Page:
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Free weights are a useful, versatile addition to any home gym and a staple of most paid gyms.
That said, we know that free weights can seem daunting, especially if you haven’t really used them before. How much weight should you use? How should you use them? Everyone has to start somewhere and once you’ve experienced the difference in strength and power free weights can bring, you won’t look back.
Free weights are an efficient and effective strength training option that can be used virtually anywhere. We love them and encourage everyone to pick up some weights and give them a go! Here’s why:
First of all, a great reason to choose free weights is that they’re versatile and portable. You don’t need a lot of space; if you enjoy workouts at the park, it’s even easy enough to take your weights with you.
Free weights are also affordable compared to resistance machines. Machines are more costly and tend to require a lot more space, so if you have budget and/or space restrictions, free weights are a great choice.
Another benefit of free weights is that you can target more range of motion and different types of exercise from one type of free weight. Your dumbbells can take you anywhere from rows, to shoulder presses, to weighted lunges. You can incorporate them into cardio or bootcamp-style workouts, or stick with lower-intensity weight training sessions. When you compare that to a resistance machine, most are restricted to within a certain range of movement and level of intensity.
Free weights require you to have good balance when you use them, less so than when you use a resistance machine which will naturally help you to balance the weight. When you have to balance, it promotes more activity in your joint stabilizer muscles, which is great for functional fitness and reducing injury risk. This can also help you to build muscle faster and burn some serious calories!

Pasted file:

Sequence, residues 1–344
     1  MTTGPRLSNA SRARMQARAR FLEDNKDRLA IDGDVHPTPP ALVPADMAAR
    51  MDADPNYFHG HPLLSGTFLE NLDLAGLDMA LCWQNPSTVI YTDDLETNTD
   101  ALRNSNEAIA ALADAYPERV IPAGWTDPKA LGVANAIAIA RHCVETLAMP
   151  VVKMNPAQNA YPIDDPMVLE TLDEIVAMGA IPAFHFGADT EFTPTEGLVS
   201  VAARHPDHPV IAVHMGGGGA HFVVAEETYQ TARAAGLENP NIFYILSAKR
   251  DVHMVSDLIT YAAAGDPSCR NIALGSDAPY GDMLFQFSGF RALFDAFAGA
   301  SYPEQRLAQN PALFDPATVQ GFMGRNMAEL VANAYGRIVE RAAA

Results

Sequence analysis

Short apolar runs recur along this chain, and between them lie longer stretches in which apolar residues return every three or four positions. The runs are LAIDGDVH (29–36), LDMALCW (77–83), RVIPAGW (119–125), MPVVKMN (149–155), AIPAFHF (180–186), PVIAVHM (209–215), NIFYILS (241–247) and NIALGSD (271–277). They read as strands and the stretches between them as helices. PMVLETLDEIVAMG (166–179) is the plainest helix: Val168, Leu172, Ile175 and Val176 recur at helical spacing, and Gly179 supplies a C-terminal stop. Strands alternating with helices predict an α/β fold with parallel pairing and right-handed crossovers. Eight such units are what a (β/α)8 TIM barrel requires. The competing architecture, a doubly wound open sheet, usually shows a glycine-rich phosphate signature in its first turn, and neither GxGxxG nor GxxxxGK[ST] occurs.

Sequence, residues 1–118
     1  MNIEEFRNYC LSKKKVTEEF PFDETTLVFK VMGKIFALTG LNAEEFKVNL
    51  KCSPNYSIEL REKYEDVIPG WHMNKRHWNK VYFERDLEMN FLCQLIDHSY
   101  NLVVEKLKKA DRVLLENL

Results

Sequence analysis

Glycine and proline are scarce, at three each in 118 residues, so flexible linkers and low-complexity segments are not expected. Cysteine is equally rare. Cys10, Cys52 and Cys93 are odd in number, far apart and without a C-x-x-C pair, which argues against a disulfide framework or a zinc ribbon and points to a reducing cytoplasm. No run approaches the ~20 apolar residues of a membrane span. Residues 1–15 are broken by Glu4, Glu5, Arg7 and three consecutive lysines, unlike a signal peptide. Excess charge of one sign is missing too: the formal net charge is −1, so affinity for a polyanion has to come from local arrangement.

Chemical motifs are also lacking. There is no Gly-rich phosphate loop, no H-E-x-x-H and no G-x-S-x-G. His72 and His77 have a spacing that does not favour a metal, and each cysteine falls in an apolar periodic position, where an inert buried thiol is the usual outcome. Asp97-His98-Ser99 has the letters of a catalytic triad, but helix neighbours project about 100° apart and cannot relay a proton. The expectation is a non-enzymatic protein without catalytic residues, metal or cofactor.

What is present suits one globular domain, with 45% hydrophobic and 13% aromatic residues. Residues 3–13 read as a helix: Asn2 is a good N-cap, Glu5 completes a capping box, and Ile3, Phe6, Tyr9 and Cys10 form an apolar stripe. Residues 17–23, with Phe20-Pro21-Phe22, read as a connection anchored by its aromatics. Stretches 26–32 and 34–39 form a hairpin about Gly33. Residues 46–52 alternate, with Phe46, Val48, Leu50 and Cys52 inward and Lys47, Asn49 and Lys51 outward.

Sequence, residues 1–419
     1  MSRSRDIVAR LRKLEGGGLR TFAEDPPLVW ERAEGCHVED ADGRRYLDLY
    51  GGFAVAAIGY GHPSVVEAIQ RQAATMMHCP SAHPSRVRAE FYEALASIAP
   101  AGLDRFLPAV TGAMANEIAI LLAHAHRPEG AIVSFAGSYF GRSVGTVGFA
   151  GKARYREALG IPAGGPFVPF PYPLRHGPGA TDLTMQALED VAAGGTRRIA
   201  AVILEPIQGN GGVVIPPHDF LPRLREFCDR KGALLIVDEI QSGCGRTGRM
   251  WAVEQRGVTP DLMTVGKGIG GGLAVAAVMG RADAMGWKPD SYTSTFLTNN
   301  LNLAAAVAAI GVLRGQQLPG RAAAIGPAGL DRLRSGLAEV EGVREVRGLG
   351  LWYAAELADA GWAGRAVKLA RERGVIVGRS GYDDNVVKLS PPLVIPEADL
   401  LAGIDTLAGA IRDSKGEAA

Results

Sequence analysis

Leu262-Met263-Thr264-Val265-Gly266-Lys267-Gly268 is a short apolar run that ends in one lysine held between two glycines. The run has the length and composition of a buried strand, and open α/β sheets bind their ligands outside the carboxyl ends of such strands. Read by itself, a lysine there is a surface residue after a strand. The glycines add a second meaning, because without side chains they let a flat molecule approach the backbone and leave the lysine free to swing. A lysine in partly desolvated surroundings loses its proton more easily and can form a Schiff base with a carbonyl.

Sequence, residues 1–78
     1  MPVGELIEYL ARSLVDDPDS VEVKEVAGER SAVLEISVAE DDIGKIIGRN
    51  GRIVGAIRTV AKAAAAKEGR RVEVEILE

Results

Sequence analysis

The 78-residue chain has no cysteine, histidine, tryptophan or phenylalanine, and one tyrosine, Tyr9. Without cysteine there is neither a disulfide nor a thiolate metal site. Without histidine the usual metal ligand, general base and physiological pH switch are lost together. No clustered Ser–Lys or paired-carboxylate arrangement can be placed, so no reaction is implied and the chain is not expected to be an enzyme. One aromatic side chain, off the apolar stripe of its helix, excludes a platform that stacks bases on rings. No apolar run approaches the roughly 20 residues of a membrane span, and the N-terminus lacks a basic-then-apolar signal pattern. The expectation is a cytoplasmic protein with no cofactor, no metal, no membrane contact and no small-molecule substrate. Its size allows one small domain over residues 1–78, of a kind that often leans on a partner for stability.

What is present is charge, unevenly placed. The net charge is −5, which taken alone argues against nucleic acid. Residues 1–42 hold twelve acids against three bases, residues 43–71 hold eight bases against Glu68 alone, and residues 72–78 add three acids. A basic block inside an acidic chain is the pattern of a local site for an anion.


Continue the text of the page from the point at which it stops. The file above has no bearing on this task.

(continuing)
Using free weights can also help you to improve your overall athletic performance as you can target any muscle group that is required for your sport or other pursuits. For example, if you play tennis, dumbbell flyes help to strengthen those muscles you use when smashing a serve.
Are there any drawbacks of free weights? When you compare them to resistance machines, one thing the machine will do is take the place of a spotter. It’s possible you might need a spotter for some types of exercises, especially with heavier free weights.
Here’s a quick rundown of the types of free weights available:
Dumbbells are made up of two equal weights that are attached to a handle. They are designed for use one-handed, so you can use either one or two dumbbells at the same time. Some come as fixed-weight, while others are removable and adjustable.
Dumbbells are versatile in that you can use them for joint isolation exercises such as chest flyes and bicep curls, or, they’re compact enough that you can perform compound movements, such as squats, bench presses and anything else you might otherwise do with a barbell.
In fact, if you can only choose one type of free weight to use at home, we’d usually lean toward dumbbells. They’ll allow you a lot of freedom in terms of exercise choice.
Barbells feature a longer bar with weights on each end. They can also be either fixed, or adjustable weight, but unlike dumbbells, are designed to be held with both hands.
Barbells are great for developing raw strength. They’re used for bodybuilding, weight lifting, and powerlifting sports. Some classic moves include deadlifts, bench presses, overhead presses, and the power clean.
When you workout with barbells, they train your body to use all of your muscles in tandem, so they’re recommended for people who want to train for maximum strength, and for athletes who want good, all over conditioning.